A court has dismissed charges against an anti-election protester accused of preventing the 2014 advance election, saying that it was election officials who cancelled the election.
The Phra Khanong District Court, Bangkok, on Thursday, 5 November 2015, dismissed charges against Thawatchai Promchan, 45, a former key leader of the People’s Force and Thai Energy Reform Network, a political group which joined the People’s Democratic Reform Committee (PDRC), an anti-election group, to prevent advance voting in 2014.
Thawatchai was charged with leading a group of anti-election protesters to barricade the polling station at Wat Sri Iam in Prawet District of Bangkok during the advance election on 26 January 2014 and threatening voters not to cast their votes.
The prosecutors indicted him for offences under Article 76 of the 2007 Organic Act on Elections and Article 152 of the 2007 Organic Act on the Election Commission.
In addition, he was charged with violating the 2005 Emergency Decree on Public Administration in Emergency Situation, which was at the time declared by the Yingluck government, for calling on others not to cast their votes.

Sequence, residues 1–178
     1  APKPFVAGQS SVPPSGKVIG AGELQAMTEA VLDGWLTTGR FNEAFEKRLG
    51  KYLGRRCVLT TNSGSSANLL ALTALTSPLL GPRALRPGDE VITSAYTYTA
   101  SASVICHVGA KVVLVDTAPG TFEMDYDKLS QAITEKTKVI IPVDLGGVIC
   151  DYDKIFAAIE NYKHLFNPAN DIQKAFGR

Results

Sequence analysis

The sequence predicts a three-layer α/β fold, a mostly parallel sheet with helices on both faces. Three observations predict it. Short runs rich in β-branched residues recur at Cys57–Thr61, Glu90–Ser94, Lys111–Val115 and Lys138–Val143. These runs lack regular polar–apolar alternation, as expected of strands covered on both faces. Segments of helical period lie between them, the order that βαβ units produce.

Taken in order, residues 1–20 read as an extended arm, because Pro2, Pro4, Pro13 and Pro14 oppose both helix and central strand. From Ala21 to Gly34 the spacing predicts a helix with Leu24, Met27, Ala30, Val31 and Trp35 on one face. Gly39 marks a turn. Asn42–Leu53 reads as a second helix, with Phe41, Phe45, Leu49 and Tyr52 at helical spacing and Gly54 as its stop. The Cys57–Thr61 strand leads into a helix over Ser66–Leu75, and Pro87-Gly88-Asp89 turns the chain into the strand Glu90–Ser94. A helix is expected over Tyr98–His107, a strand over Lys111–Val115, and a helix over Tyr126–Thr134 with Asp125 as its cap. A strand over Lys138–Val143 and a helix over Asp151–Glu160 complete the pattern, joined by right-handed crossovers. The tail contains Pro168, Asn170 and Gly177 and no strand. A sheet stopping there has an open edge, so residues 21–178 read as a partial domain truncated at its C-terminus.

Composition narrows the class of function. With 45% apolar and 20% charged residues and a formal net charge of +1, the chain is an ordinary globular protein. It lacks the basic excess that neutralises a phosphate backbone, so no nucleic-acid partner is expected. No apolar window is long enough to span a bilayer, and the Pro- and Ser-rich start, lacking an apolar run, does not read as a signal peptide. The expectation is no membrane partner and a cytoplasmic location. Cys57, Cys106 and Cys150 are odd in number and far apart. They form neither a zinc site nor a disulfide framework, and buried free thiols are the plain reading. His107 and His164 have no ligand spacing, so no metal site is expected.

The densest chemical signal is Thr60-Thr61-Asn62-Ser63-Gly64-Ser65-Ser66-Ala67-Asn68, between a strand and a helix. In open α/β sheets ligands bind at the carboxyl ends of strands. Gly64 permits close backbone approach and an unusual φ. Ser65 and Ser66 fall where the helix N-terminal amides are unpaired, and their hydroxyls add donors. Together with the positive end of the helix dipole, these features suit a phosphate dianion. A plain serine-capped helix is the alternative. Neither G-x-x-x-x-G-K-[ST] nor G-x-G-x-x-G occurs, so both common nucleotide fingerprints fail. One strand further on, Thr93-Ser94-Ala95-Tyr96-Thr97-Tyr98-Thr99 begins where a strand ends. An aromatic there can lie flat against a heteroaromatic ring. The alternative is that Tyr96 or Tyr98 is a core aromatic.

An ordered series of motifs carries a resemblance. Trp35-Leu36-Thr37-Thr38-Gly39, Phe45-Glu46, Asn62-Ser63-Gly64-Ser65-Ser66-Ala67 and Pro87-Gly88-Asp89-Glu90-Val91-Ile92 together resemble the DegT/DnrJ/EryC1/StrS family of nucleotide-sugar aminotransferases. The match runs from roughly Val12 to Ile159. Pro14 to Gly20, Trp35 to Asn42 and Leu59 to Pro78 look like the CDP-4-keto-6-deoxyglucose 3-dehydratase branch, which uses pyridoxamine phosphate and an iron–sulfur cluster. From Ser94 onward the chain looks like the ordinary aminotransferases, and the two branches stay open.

The court ruled that no solid evidence could prove that the suspect took part in barricading the polling station and that the decision to call off the advance election was the judgement of election officials.
Earlier in July 2015, the Criminal Court dismissed charges against PDRC demonstrators who barred the Din Daeng District Office in northern Bangkok on 2 February 2014 to prevent the distribution of ballot papers to polling stations.
The court ruled that there was no evidence that the PDRC demonstrators used padlocks to barricade the gate of the District Office as indicted.
The Criminal Court also cited an earlier ruling of the Constitutional Court that the PDRC demonstrations at the time of the general election in February were lawful.
On 2 February 2014, 175 polling stations could not open because PDRC protesters prevented the transportation of ballot papers from the Din Daeng District Office.
On 30 September 2015, Khaosod English reported that around 20 anti-establishment red shirts went to the Attorney General’s Office to demand an explanation for the delay in prosecuting 31 leaders and activists of the PDRC who campaigned against the elected administration of Yingluck Shinawatra, the former Prime Minister, from November 2013 to May 2014.
“We are here to ask, where is that rebel Suthep?” read one placard held by a Redshirt, referring to PDRC leader Suthep Thaugsuban.